One of the attractions of the Sea is the abundance of life, manifested in the hundreds of species of birds that reside in, or visit, this important wetland habitat, and the fish that inhabit the waters. That is why some scientists have called the Salton Sea "California's crown jewel of avian biodiversity" and perhaps was the most productive fishery in the world.
This abundance of wildlife is particularly critical given the decline of wetlands. Over 90 percent of the wetlands of California have been lost. As California's wetlands decline, the importance of the Sea as a habitat for inland wetland species increases. The Sea's habitats support up to 40 percent of the entire US population of the threatened Yuma clapper rail, 80 to 90 percent of the American white pelican, and 90 percent of the eared grebe.
Besides the opportunity for bird watching and for fishing, the Salton Sea and its immediate vicinity offer recreational opportunities including boating, camping, off-roading, hiking, hunting, use of personal watercraft and photography. One of the attractions, the Salton Sea State Recreation Area, has 1,400 campsites in five campgrounds, hundreds of picnic sites, trails, playgrounds, boat ramps and a visitors' center.
The Salton Sea, located in the southeastern corner of California, is actually a lake which occupies a desert basin known as the Salton Sink. This body of water covers a surface area of 376 square miles, making it larger than Lake Tahoe and Mono Lake. In fact, the Salton Sea is the largest lake in California. The Sea's current elevation is about 227 feet below mean sea level, its maximum depth reaches 51 feet and its total volume is about 7.5 million acre-feet. The Salton Sea has a unique make-up. By virtue of its location in the Colorado Desert ecosystem, an area with average annual precipitation of less than 3 inches per year, the Sea receives minimal inflow from rain.
As an agricultural drainage reservoir, the Salton Sea serves an important purpose for the productive agricultural valleys that adjoin it. As an agricultural sump, the Sea consists primarily of commercial agricultural drainage. In fact, 90 percent of the entire inflow to the Sea is agricultural runoff from the Imperial, Coachella, and Mexicali Valleys.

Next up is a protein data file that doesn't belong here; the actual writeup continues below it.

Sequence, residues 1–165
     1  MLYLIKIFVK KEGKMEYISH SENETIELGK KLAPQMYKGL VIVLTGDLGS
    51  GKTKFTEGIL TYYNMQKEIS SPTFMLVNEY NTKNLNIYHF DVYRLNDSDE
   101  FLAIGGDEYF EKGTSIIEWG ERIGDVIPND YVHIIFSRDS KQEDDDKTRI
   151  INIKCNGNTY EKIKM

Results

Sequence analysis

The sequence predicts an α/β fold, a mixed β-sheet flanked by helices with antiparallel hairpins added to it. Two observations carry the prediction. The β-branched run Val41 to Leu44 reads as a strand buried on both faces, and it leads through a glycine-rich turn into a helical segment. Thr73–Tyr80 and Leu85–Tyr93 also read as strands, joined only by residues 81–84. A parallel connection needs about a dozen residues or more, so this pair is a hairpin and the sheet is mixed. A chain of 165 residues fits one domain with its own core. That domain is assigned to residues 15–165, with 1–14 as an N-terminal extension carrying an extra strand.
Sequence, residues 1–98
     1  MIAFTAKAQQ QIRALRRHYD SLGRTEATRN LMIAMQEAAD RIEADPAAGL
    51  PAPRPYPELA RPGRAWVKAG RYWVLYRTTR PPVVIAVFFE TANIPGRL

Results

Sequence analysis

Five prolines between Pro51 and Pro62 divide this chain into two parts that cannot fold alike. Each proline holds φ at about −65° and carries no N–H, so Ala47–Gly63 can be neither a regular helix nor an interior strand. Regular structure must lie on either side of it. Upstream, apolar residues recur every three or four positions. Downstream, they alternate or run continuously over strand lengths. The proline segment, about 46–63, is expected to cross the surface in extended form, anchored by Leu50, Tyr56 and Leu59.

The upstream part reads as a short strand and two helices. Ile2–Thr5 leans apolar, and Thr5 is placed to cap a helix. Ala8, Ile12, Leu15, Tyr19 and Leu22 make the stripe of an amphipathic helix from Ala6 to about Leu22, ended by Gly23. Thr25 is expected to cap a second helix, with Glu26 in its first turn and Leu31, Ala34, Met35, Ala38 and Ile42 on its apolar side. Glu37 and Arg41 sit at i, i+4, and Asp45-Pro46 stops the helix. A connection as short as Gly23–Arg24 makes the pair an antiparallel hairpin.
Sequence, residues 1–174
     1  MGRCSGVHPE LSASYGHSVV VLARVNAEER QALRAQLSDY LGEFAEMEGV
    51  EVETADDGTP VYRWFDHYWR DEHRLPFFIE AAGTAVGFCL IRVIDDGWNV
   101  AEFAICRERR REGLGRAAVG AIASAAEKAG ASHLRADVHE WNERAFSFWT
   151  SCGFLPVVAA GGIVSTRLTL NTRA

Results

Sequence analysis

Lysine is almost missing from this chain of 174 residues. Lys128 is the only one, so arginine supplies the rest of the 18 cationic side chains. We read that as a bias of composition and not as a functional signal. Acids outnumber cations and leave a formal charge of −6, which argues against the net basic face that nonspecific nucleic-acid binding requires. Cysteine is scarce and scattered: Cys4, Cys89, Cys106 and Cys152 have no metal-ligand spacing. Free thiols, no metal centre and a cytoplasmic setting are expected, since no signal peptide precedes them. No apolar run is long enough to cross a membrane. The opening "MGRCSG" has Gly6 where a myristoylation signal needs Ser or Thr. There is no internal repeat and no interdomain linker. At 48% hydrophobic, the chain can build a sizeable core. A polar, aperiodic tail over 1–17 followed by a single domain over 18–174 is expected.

This inflow carries nutrients, such as phosphates and nitrates, which support the rich and abundant life in the Sea. The inflow also carries an abundance of salt (and thus the Sea's name). Currently, the salinity level of the Salton Sea is 44 parts per thousand (ppt), compared to 280 ppt for Utah's Great Salt Lake, about 210 ppt for Israel's Dead Sea, 87 ppt for Mono Lake and 35 ppt for the Pacific Ocean.
The very things that make this lake so unique and such a rich source of abundant life are placing the Sea's existence at risk. The nutrients that provide such an abundant source of food for fish are at levels that alter the available oxygen in the water. Its salt content, which causes water vessels to be more buoyant, and thus the fastest lake in the nation to boat upon, will someday be so high as to compromise the reproductive ability of fish and, thus, their survival. Without fish, the hundreds of species of birds that rely on fish for food, and the economic status of the Sea as a productive fishery, would be threatened.
Its unique feature of being a shallow, closed basin renders it vulnerable to increases or reductions in inflows, which can dramatically change its elevation. During the 70s, heavier than usual precipitation combined with expansion of irrigation caused lake levels to rise, flooding tribal reservation and wildlife refuge land, seaside dwellings, and marinas and boat facilities. Sea levels have now stabilized with inflows equaling evaporation. The proposed transfer of water from the Imperial Valley to San Diego as part of the reduction of California's Colorado River use, the possible reclamation of New River water by Mexico, and the increased evaporation from the Sea's restoration all threaten to reduce lake levels. The proposed transfer of the 300,000 acre feet alone, if inflows are not replaced, is estimated to drop lake levels by over 16 feet, exposing almost 70 square miles of sediments. The result could be potential air quality problems caused by blowing dust, seaside homes stranded far from the Sea, and greatly accelerated concentrations of salts and nutrients.
The Salton Sea Authority has recognized the Sea's challenges and has begun the restoration process, to not only sustain the Sea, but also revitalize it as an environmental and economic wellspring. The Salton Sea Authority, along with the U.S. Department of Interior's Bureau of Reclamation, has begun efforts to maintain the Sea as an agricultural drainage reservoir, restore the wildlife resources and habitats, stimulate recreational use, and provide an environment for economic development.